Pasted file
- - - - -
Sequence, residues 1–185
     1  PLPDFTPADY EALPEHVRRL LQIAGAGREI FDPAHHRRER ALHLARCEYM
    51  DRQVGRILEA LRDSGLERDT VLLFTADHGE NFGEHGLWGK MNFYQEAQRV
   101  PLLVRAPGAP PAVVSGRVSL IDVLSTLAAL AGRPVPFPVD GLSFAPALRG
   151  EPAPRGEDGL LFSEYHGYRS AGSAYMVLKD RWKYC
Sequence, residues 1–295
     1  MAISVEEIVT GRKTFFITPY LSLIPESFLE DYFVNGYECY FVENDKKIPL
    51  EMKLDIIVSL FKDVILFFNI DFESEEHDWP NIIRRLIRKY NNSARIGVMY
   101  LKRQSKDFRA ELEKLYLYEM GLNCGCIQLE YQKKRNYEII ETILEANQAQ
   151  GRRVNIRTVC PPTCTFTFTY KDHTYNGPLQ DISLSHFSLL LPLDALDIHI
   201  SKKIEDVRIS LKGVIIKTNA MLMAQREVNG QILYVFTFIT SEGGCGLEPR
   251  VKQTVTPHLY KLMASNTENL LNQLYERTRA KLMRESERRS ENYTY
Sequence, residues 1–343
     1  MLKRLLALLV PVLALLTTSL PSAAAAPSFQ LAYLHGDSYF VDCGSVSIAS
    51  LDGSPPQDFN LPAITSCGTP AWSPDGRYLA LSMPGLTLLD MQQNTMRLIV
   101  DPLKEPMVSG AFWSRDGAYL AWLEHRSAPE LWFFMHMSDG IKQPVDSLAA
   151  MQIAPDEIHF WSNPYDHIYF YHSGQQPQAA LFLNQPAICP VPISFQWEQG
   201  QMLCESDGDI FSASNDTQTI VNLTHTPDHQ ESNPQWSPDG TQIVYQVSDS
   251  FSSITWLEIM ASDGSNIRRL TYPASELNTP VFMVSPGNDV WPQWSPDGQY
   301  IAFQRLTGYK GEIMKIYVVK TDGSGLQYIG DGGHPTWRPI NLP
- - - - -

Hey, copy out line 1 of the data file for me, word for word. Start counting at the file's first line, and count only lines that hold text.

Sequence, residues 1–185